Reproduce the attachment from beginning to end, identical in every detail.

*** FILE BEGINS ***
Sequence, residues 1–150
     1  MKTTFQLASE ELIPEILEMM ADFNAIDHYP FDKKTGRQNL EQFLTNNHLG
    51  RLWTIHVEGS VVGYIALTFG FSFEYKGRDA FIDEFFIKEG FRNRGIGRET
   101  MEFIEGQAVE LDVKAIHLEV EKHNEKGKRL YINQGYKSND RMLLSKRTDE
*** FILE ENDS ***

Sequence, residues 1–150
     1  MKTTFQLASE ELIPEILEMM ADFNAIDHYP FDKKTGRQNL EQFLTNNHLG
    51  RLWTIHVEGS VVGYIALTFG FSFEYKGRDA FIDEFFIKEG FRNRGIGRET
   101  MEFIEGQAVE LDVKAIHLEV EKHNEKGKRL YINQGYKSND RMLLSKRTDE